I’ll admit first off that it was the stunning cover that first attracted me to this novel. Then, when I realized I had already read a book by this author that I really enjoyed (“The drowning tree“), the deal was sealed.
Set in the Hudson River Valley of Upper New York State, “The Widow’s House” features a literary married couple, Clare and Jess Martin. They have left their Brooklyn life after experiencing financial problems and are now looking to ‘escape to the country’ and a new start. Their marriage has hit a rough patch and they sorely need a change. It seemed only natural that they would gravitate toward the Hudson River Valley, as that is where Clare grew up, where they had both gone to college, and where Jess had written his first novel.
They find that the newer houses are not to their taste and they cannot afford an older home with character. So it is that they finally agree to be caretakers at a gothic mansion called River House. The locals have altered its name to Riven House due to its murky history. Some call it “The Widow’s House” because of the purported ghost. The house just so happens to belong to Jess and Clare’s college mentor, Montague (Monty). Now elderly and unwell, his huge, octagon-shaped, gothic mansion has become too much for him to handle on his own.
Upon arriving at the house, Clare begins to hear a baby crying at night. She sees a woman on the grounds – a woman she suspects is the ghost of Riven House. But of course, her logical side says that must be impossible…
“Riven House had the feel of a place that was encumbered
with more than just financial losses.”
Jess begins to write again. He has become ‘chummy’ with Monty who is also writing a novel. They share a nightly drink and literary discussion. Meanwhile, Clare has met up with Dunstan, her first love, now a local police detective. She begins to research her genealogy. She knows that she was adopted and that her birth mother resided in a psychiatric hospital. Her research and with the support of Monty, Clare herself begins to write again. She had given up on her writing when she married Jess. Now she is inspired by her old notebooks (which Monty has kept) and the atmospheric Riven House. She writes the house’s story of Mary Foley, the local Apple Blossom Queen who was seduced by one of Monty’s forebears and made pregnant.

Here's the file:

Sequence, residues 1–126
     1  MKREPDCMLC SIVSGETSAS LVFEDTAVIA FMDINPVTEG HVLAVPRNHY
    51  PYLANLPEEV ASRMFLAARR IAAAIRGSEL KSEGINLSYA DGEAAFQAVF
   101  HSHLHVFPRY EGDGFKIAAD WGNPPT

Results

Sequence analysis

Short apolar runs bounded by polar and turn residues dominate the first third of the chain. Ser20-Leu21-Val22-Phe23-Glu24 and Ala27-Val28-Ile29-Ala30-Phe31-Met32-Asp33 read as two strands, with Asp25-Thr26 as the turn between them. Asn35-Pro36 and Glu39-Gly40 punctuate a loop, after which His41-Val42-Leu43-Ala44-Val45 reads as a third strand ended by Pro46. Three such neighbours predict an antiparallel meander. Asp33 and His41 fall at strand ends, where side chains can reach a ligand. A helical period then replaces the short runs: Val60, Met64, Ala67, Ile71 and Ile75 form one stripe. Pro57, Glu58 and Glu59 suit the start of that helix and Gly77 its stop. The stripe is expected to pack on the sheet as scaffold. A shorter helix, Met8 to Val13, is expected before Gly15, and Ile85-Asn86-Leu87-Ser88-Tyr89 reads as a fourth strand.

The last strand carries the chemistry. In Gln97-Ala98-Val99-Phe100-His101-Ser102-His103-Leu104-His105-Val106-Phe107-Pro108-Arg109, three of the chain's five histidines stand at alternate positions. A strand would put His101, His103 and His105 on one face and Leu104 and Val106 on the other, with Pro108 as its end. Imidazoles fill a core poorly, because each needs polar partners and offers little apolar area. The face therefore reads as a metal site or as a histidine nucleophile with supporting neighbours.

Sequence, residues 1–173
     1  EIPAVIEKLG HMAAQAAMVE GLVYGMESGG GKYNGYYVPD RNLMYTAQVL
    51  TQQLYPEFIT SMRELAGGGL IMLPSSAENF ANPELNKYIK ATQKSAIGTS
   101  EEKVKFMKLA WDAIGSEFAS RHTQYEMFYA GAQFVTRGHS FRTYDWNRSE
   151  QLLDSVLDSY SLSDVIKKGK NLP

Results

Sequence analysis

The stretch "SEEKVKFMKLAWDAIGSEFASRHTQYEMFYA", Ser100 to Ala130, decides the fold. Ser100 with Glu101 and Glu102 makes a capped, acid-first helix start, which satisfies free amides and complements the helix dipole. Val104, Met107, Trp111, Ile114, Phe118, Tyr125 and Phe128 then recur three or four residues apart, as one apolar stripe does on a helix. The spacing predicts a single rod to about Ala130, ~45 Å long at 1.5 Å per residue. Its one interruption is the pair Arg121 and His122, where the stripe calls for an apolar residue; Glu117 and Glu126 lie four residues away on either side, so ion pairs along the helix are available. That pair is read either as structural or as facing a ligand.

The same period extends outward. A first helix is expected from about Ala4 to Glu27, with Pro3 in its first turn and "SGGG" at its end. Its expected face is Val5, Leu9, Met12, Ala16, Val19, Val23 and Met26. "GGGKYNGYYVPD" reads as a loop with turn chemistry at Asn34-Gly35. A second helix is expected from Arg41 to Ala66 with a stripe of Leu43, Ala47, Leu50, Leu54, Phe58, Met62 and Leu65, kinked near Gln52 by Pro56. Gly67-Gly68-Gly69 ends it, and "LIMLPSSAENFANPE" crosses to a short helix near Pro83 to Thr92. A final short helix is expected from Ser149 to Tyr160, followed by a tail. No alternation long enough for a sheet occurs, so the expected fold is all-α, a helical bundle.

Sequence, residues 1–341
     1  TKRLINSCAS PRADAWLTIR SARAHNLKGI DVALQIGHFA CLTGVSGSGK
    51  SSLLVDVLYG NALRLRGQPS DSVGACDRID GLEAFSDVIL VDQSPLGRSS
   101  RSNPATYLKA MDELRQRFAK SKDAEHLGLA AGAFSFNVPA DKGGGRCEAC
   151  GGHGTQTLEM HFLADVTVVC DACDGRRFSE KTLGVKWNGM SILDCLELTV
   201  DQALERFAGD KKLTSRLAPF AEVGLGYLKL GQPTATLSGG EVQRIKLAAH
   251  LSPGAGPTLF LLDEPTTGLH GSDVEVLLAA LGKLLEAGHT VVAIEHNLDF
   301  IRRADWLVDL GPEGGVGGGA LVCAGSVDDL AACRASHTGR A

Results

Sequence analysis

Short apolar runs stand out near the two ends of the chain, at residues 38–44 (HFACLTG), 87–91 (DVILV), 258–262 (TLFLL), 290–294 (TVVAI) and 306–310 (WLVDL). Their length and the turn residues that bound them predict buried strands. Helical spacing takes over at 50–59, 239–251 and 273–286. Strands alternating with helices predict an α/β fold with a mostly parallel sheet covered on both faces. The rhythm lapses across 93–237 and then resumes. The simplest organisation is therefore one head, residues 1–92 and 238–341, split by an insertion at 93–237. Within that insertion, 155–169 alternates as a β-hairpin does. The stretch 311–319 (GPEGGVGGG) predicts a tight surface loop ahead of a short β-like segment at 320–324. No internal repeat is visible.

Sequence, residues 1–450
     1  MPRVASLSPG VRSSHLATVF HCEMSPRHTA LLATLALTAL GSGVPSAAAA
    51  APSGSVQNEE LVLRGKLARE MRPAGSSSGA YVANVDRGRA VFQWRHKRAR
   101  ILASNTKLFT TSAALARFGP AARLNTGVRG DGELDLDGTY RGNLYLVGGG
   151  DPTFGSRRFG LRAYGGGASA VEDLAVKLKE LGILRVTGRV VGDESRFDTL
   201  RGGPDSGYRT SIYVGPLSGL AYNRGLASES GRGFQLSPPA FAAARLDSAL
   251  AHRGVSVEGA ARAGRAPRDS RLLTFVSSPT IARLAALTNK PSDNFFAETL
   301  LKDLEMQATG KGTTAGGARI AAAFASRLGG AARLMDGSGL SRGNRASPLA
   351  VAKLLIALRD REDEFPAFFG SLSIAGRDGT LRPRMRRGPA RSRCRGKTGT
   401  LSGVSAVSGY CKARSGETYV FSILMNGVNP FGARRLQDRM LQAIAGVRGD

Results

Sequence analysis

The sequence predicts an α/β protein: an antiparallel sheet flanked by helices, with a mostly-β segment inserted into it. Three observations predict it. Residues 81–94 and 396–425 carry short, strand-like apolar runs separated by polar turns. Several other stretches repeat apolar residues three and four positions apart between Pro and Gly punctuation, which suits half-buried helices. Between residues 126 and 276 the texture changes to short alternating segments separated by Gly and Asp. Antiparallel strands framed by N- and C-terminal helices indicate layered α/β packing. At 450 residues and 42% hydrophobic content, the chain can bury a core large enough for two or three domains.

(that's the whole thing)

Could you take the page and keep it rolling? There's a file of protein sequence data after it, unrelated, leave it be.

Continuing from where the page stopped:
“Fifty acres, one hundred apple trees bearing,
deeded to John Foley on May 12, 1929, by Birdsill Montague
in exchange for the maidenhood of one Mary Foley.”
Researching the story of Mary Foley brings many family secrets to light. Secrets that can be dangerous for Clare – and for Monty.
Atmospheric, with well developed characters, this novel was an enjoyable read. I’ll give you a hint…. the plot reminded me a bit of the old Ingrid Bergman novel “Gaslight”. The end third of the book, dripping with tension, was much faster paced than the first two thirds, bringing the book to a suspense-filled ending that brought the book to a very satisfactory close.
Carol Goodman is the critically acclaimed author of fourteen novels, including The Lake of Dead Languages and The Seduction of Water, which won the 2003 Hammett Prize. Her books have been translated into sixteen languages. She lives in the Hudson Valley with her family, and teaches writing and literature at the New School and SUNY New Paltz.